It’s time to make polluters pay

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As I stood outside Environment Minister Guilbeault’s office, mere hours before the start of the 28th UN Climate Summit (COP28) in Dubai, the air was crisp and fresh. This was a real contrast with the smokey weeks of the summer when forests burned at record rates. Then, as Montreal was topping the worst air quality charts, I kept checking for smog alerts before heading outside with my kids, aware that for many people around the world, living with the increasingly devastating effects of the climate crisis on their health and lives, this – and worse – is often the norm. 

It’s these devastating impacts of fires, floods and droughts that were at the top of my mind as I gathered alongside other Greenpeace activists in front of Canada’s environmental Minister’s office to send our message loud and clear: Make Polluters Pay. 

It’s time to make polluters pay
Greenpeace activists and supporters stood alongside a projection of the mass devastation caused by forest fires, as a fire truck served as a stark reminder of this summer’s wildfire season. 

At the 28th Conference of the Parties to the UN Framework Convention on Climate Change, the stakes will be high for world leaders to tackle an essential root cause of the climate crisis: fossil fuels. Minister Guilbeault’s presence at the summit signals that now is the time for Canada to step up as a climate leader, and champion ambitious action to hold the fossil industry accountable.

But what do we mean by “make polluters pay”? 

The fossil fuel companies that made their wealth by creating this crisis, must be made to help people already suffering the impacts of the climate crisis. To do so, Canada must champion a climate damages tax during COP28, compelling the Canadian fossil fuel industry to contribute significantly to the UN Loss and Damage fund. This approach is not just about compensation; it’s about responsibility and accountability for years of climate and environmental destruction. If you break something, you pay to fix it. That’s only reasonable. There is not an absence of money but an absence of government action to make the fossil fuel industry and other big polluters pay.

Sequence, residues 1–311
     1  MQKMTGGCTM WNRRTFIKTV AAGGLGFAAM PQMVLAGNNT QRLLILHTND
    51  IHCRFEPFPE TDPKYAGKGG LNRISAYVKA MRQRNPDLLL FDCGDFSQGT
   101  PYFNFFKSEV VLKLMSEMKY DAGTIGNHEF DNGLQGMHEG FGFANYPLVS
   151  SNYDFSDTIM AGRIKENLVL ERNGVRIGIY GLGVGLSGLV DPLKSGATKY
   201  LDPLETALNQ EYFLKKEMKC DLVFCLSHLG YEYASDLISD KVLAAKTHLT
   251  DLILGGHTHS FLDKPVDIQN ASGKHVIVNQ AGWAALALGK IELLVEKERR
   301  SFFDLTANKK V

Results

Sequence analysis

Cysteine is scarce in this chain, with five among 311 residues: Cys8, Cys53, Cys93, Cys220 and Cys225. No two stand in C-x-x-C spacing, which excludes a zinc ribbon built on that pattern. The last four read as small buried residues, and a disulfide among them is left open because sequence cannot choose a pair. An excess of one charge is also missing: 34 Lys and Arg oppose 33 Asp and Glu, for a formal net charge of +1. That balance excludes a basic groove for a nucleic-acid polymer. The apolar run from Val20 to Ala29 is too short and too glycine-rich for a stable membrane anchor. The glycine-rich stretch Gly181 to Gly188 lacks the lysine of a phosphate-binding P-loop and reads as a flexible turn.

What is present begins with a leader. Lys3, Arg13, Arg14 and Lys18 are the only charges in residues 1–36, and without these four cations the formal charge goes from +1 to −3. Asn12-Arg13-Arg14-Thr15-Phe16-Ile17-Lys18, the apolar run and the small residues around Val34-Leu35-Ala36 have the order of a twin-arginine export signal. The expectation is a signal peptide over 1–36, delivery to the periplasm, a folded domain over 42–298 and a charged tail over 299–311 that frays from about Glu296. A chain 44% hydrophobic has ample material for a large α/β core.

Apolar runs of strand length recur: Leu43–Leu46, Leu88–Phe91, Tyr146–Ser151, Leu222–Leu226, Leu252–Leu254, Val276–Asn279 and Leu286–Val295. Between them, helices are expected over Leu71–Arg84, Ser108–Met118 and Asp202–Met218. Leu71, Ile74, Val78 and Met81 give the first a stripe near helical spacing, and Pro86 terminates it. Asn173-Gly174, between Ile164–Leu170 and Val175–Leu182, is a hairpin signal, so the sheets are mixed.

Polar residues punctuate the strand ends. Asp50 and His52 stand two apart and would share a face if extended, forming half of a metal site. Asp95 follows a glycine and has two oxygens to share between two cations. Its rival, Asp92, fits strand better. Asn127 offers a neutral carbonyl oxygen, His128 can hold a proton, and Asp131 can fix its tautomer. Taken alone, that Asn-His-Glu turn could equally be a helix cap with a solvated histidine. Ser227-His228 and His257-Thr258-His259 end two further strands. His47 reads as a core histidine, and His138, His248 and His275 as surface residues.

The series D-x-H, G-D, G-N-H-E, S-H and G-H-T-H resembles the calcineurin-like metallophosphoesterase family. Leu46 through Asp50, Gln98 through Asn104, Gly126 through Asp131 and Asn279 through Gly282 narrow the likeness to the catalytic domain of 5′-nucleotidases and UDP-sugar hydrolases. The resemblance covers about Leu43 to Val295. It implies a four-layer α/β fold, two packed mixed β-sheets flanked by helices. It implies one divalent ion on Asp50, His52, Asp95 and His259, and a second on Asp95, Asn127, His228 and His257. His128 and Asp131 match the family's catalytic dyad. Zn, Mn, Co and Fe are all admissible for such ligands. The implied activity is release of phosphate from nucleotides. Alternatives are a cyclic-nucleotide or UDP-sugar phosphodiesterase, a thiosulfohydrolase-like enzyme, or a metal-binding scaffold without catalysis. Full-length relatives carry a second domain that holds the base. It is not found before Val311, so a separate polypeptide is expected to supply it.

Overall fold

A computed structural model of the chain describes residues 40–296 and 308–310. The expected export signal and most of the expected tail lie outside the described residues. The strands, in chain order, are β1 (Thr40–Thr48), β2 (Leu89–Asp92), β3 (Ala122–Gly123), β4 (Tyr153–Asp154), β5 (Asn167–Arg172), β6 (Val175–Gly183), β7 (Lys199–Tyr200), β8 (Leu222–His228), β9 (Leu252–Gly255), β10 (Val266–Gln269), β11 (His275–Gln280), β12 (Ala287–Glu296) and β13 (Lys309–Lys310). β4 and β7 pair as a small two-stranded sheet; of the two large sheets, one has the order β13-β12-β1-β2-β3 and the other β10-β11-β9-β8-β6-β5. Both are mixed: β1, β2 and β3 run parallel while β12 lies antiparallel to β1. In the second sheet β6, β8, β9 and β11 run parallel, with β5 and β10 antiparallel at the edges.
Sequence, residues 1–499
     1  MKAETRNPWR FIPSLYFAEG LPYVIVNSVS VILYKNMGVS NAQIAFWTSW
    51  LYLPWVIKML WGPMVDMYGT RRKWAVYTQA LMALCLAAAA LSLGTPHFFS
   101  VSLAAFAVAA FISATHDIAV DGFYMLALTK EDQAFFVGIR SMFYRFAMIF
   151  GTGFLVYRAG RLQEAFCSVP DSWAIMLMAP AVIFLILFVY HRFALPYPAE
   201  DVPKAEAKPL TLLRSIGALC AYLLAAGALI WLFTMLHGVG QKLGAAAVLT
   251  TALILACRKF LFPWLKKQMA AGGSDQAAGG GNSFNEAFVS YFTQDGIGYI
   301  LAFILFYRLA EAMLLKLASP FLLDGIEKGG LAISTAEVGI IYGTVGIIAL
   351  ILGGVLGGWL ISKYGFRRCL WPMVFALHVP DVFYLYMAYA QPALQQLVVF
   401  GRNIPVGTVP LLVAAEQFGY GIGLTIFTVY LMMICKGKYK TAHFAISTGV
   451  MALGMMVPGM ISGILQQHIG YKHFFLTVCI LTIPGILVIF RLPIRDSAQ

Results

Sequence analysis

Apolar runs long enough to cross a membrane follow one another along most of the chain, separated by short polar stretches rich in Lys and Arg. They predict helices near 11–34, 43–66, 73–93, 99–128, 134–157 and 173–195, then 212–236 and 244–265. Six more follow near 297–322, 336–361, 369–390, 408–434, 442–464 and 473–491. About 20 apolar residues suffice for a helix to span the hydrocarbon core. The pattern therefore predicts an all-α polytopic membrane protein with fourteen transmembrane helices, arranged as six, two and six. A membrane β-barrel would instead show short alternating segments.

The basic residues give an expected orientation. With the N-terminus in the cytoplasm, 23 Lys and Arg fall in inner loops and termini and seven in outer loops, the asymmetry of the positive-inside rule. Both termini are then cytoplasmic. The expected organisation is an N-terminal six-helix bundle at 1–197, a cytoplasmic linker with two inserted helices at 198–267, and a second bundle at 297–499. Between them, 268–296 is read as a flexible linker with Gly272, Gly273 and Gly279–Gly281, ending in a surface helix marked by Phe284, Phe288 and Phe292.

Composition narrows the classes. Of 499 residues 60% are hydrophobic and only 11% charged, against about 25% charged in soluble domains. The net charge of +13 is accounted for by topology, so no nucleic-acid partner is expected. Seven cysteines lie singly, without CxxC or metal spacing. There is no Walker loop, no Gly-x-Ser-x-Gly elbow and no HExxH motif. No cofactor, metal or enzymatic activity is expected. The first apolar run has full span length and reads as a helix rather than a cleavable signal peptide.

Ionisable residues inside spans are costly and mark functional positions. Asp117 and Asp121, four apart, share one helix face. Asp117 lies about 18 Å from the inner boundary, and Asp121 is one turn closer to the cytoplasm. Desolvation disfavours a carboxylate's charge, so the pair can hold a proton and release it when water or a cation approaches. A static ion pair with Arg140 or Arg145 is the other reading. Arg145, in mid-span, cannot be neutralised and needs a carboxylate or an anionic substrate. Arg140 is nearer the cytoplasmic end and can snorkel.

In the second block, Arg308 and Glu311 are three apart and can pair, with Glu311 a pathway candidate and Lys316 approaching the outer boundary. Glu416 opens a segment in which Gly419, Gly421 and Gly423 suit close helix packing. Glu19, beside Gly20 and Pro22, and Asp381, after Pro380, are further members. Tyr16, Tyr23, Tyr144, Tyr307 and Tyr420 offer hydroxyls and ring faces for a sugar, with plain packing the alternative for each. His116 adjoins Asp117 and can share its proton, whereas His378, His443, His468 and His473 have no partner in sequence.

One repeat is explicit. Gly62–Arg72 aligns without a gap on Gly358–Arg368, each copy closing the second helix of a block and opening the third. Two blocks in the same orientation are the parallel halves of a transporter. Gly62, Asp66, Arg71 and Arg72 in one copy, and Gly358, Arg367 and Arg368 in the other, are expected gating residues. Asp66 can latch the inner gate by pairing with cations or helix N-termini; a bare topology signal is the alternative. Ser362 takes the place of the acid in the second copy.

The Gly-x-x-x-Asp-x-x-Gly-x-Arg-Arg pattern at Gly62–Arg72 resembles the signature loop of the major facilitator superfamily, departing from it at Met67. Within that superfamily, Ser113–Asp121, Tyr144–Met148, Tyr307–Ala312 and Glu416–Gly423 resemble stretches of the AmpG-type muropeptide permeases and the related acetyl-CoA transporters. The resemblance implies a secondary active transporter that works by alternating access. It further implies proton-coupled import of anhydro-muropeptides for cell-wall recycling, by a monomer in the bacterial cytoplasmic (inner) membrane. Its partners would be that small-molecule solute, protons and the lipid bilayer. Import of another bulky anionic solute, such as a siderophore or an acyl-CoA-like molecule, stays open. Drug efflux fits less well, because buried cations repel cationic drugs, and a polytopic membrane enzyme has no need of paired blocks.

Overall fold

Add your voice here to hold big polluters accountable for fueling the climate crisis

As more people than ever are suffering loss and damage from a rapidly changing climate, the fossil fuel industry is enjoying exorbitant and record profits. Loss and damage from last year’s Pakistan floods alone are estimated to exceed CAD 40 billion, and reconstruction needs total over CAD 20 according to the World Bank. Meanwhile in 2022, the combined profits of the five biggest Canadian oil and gas companies alone totalled CAD $38.3 billion. The fossil fuel industry has never had it so good, while those on the frontline of climate impacts are suffering devastating consequences, and bracing for worse. 

With this edition of COP28 being held in Dubai and chaired by an oil executive, now, more than ever, all eyes are on the fossil elephant in the room, and how it will be held accountable.  

This is it: COP28 has to be a moment of truth. 

Politicians must acknowledge that to achieve the  Paris Agreement to limit warming to 1.5C, they need to end the use and expansion of the biggest climate killers: oil, gas, and coal. Yet right now, the Canadian government continues to expand production, ranking as the fourth largest oil and gas producer in the world in 2022, and on track to be the world’s second largest developer of new oil and gas extraction from 2023 to 2050. To help mitigate this crisis, we need a reckoning that forces fossil fuel polluters to not only stop drilling, but to start paying to fix the crisis they’ve caused. 

The climate crisis will never be solved in any single meeting. But each UN meeting has the potential to advance the key solutions the world so desperately needs – both on a global and national level. COP outcomes can give powerful tools and signals to the world, carrying weight and meaning for legislators, courts, public opinion, business and investors the world over. And from the very beginning the presence of global civil society has been paramount in pushing real solutions, exposing political and corporate greenwashing and  putting pressure on the governments that are slacking on their commitments. 

If we come together, we can effect real change at these meetings. You can do your part by telling Canada that we need to exit fossil fuels and that polluters need to pay for damages they have caused, especially to vulnerable communities affected by the climate crisis.